For $i : X \hookrightarrow Y$ an immersion (notably an embedding) of smooth manifolds, the normal bundle of $X$ in $Y$ relative to $i$ is the the vector bundle
defined as the fiberwise quotient bundle
The pullback $i^* T Y$ can be of course interpreted as the restriction $T Y|_X$. The normal bundle is fiberwise the quotient of the fiber of the tangent bundle of $Y$ by the fiber of the tangent bundle of $X$: for $x \in X$
The dual notion is that of conormal bundle. The notion also makes sense for some other contexts, e.g. for smooth algebraic varieties.
There is always an isomorphism
but it is not canonically given, hence in particular cannot it general be chosen naturally. Except if certain additional structure is given:
If $Y$ is equipped with a Riemannian metric $g$, then we may identify the normal bundle with the bundle of vectors that are orthogonal to (“normal to”) the vectors in $T X$:
Let $M^n$ be a smooth compact $n$-dimensional manifold without boundary, then the question of triviality of the normal bundle for an embedding $M^n\hookrightarrow \mathbf{R}^{n+r}$ for sufficiently large $r$ does not depend on the embedding. For this one uses the fact that any two such embeddings are regularly homotopic (this means the existence of a smooth homotopy $H(x,t)$ which is immersion for every $t \in [0,1]$ and which induces on the level of differentials a homotopy for the tangent bundles) and that any two regular homotopies are themselves homotopic through regular homotopies leaving end points fixed. Then one just uses the homotopy invariance of vector bundles. Thus, if $M^n$ admits an embedding into $\mathbf{R}^{n+r}$ with a trivial normal bundle then one says that $M^n$ has a stably trivial normal bundle. In that case, if $M^n_+$ is the union of $M$ with a disjoint base point, then there is a homeomorphism $T (M^n\times \mathbf{R}^{r})\cong \Sigma^r M^n_+$ where $\Sigma^r$ denotes the $r$-fold (reduced) suspension of based spaces $(S^r\times M^n_+)/(S^r\wedge M_+)$.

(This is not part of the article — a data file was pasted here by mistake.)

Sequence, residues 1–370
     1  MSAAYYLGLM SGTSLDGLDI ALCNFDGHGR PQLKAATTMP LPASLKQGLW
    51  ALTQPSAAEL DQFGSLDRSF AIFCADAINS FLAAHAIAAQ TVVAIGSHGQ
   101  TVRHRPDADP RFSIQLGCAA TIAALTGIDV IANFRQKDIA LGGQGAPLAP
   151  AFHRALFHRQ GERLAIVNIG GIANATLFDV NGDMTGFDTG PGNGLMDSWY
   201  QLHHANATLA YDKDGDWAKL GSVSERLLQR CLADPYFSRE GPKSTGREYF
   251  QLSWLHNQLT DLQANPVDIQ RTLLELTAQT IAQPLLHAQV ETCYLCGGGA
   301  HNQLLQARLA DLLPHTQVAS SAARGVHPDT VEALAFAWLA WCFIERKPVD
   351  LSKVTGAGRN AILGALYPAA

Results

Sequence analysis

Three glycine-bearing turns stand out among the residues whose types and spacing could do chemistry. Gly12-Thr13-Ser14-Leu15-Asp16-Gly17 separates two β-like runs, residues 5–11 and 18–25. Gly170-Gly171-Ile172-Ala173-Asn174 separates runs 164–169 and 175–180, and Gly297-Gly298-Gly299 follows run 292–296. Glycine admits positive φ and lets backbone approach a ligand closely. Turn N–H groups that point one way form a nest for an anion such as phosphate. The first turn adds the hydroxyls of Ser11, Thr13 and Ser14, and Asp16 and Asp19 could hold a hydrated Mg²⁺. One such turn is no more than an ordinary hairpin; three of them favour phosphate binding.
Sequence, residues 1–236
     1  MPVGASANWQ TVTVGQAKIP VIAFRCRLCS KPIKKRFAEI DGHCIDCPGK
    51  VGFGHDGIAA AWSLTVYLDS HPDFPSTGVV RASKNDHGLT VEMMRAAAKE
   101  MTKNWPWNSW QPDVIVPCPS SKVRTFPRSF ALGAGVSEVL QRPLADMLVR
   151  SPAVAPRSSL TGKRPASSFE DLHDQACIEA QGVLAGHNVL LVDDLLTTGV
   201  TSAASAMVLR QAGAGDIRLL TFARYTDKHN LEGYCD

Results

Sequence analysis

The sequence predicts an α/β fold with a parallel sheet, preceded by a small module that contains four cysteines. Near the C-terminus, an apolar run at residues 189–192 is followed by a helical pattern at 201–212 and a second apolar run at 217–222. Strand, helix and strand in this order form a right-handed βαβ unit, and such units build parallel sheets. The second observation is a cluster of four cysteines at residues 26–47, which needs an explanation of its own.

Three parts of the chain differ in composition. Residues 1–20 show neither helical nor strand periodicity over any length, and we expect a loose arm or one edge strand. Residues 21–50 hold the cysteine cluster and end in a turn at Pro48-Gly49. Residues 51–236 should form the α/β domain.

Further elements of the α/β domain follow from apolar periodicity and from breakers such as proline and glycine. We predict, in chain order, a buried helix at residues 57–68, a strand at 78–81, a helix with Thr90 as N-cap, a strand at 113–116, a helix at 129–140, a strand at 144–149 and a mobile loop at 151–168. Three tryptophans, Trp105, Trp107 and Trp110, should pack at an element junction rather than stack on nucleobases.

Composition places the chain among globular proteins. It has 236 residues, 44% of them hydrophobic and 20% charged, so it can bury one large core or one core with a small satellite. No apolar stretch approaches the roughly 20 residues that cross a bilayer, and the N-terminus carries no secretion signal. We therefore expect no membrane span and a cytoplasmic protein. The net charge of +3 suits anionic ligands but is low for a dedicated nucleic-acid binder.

Normal bundle plays a central role for instance in the theory of fiber integration by means of Pontrjagin-Thom collapse maps.